After school I ended up with a job with lots of down time between bursts of madness. I decided to make use of slow time going back and leisurely reading some of the 'classics' that I probably should have read before. Twain, Tolstoy, Dickens, Stowe and others pulled from the titles of Cliff's Notes (Hey, if Cliff says they're important....) Funny, but classics are much more palatable when they are read on a leisurely timeframe. Some I liked, some I couldn't care less about, but Les Miserables was, literally, a life-changing text.
I fell into Les Mis completely by accident. On day I forgot to pack whatever book I was working on that day and dug around looking for something other than Harlequins and Clancys.Read more ›
Most Recent Customer Reviews
This book is HUGE! but its also amazing and filled with many different situations that can leave you shocked, happy, or in tears. Read morePublished 10 days ago by Samantha Spector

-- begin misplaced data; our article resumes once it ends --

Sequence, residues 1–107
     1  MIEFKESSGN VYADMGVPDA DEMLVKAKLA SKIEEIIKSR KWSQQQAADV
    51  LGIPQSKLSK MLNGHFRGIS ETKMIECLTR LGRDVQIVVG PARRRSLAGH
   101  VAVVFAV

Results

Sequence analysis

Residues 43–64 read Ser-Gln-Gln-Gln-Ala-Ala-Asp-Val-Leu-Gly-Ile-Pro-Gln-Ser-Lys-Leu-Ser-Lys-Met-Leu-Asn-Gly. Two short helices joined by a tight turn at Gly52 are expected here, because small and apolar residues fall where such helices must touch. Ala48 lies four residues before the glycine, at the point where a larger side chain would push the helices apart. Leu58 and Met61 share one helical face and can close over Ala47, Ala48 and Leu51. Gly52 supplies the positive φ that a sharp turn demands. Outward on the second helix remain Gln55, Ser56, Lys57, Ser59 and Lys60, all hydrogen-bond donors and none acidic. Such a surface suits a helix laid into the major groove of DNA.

It's been a long time since I read this book so I downloaded it to my Fire. Haven't had a chance to read it again, but I loved this story the first time through!Published 24 days ago by R. C. Nelson
Rarely does one find such extraordinary poetic beauty in a novel. Sometimes long winded... yes. Worth reading, beyond measure! Read morePublished 1 month ago by Alaya
I first read this book many years ago and thoroughly enjoyed it then. I didn't find it hard to follow. Read morePublished 1 month ago by antistatist
one of my favorite indeed. i really love the quality and the story is excellent. great find!Published 1 month ago by Carolyn Foster
This was a gift for one of my favorite people. She seemed happy to get it. I will post a follow up in like 10 years when she finishes it.Published 2 months ago by Chad M.